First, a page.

Have you heard of a lawyer who regrets having won one of the most important cases of his legal career? Noted jurist Fali S Nariman thinks he should have lost the case which gave the control for appointment of judges to the panel of five seniormost judges in the country.
Nearly two decades after he won the crucial case in the Supreme Court, Nariman, 81, one of the best known legal names in the country, now has doubts on the wisdom and competence of the panel of judges (collegium), responsible for the appointment and promotion of judges in the higher judiciary.
In his autobiography, titled: Before Memory Fades, the veteran lawyer has devoted a chapter to the 1993 case, which he argued and won in the country's top court, leading to a complete change in the procedure for appointment and promotion of Supreme Court and high court judges.
“There is one important case decided by the Supreme Court of India in which I appeared and won, and which I have lived to regret it……it is the decision that goes by the title – Supreme Court Advocates on Record Vs the Union of India,” Nariman stated.
The Supreme Court, in its 1993 judgment in the case reversed its earlier decision of 1981, which had allowed the government dominance in appointment of judges.
Dealing extensively with the case, Nariman has slammed the collegium system, terming it “a closed-circuit network of five judges”, which should be disbanded.
“I don’t see what is so special about the first five judges of the Supreme Court. They are first five in seniority of appointment – not necessarily in superiority of wisdom or competence,” he has noted in the chapter titled : A case I won – but which I would prefer to have lost.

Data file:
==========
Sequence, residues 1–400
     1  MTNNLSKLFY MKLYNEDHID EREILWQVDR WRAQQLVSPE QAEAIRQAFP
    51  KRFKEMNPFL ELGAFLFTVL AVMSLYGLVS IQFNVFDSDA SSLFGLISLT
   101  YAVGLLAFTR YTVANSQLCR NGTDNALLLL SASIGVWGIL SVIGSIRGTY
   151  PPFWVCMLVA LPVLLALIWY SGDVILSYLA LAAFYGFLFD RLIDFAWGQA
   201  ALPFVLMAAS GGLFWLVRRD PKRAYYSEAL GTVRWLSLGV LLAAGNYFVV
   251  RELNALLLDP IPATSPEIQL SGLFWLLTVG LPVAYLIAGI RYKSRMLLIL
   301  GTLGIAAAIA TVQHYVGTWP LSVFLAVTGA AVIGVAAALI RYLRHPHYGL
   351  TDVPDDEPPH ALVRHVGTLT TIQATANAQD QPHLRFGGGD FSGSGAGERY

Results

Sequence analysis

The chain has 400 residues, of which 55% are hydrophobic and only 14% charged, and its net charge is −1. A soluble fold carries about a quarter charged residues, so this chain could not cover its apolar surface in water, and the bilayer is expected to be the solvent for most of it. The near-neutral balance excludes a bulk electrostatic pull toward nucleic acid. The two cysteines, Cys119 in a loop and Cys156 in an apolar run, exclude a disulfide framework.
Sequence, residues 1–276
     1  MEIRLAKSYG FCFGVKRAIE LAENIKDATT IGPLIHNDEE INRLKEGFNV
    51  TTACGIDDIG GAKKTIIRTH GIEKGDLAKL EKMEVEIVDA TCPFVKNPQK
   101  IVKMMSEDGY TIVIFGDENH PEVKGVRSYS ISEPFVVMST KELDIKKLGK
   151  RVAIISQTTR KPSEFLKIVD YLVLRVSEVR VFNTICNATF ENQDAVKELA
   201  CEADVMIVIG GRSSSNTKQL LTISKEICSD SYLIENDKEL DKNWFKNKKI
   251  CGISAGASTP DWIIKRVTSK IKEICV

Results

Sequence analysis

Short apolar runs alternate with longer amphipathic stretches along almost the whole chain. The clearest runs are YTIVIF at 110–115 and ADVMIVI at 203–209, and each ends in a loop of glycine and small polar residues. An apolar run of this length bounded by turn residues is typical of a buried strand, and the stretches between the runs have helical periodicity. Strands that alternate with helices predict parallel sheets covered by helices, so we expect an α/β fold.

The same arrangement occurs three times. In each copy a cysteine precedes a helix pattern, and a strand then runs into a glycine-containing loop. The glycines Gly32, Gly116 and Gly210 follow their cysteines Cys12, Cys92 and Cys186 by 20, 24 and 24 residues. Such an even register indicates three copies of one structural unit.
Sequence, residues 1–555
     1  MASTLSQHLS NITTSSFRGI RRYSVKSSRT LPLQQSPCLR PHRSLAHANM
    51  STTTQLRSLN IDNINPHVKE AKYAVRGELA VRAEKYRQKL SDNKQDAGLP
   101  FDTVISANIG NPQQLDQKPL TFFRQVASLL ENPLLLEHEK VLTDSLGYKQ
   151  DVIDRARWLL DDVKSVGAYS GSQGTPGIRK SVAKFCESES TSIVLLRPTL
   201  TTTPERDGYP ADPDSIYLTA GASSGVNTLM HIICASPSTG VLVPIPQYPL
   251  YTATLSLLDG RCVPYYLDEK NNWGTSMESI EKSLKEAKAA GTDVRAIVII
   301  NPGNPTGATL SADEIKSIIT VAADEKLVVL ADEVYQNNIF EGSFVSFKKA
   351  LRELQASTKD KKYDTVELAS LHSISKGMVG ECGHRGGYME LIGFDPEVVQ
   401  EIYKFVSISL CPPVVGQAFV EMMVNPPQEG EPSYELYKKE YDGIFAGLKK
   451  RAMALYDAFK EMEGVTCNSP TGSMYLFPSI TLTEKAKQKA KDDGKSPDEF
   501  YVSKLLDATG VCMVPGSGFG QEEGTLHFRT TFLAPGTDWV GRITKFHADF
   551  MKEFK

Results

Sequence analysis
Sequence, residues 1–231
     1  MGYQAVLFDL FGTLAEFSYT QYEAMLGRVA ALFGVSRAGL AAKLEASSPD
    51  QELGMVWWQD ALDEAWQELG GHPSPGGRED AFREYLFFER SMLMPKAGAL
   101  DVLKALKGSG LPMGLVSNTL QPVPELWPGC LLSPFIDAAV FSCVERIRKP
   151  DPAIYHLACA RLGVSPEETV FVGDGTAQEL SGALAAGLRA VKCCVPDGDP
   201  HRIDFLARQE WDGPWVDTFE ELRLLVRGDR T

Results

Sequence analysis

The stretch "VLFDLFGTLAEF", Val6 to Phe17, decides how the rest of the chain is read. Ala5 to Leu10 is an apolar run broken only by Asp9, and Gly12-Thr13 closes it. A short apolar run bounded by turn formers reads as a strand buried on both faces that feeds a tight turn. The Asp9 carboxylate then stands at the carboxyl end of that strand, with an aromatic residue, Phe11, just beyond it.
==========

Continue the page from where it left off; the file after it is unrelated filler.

Nariman had criticised the collegium last year in presence of then Chief Justice of India KG Balakrishan for not promoting former Delhi High Court chief justice, AP Shah to the Supreme Court. He also led the campaign for dropping the controversial Karnataka high court chief justice, PD Dinakaran’s name from the promotion list for the top court.
Observing that neither the system where the government had the veto power nor the collegium system, based on three or five judges has worked on appointments, Nariman wondered whether creation of National Judicial Commission could provide the answer.
“The idea of a NJC is an excellent one, but it has somehow not passed muster with parliament on three separate occasions,” he wrote. One of the biggest flaws in the collegium system, according to the noted jurist is the lack of attention on the part of judges who are members of this institution.
“The problem is that not enough attention is given by successive collegiums to the important task of recommending judges, simply because the judges are busy deciding cases,” Nariman stated.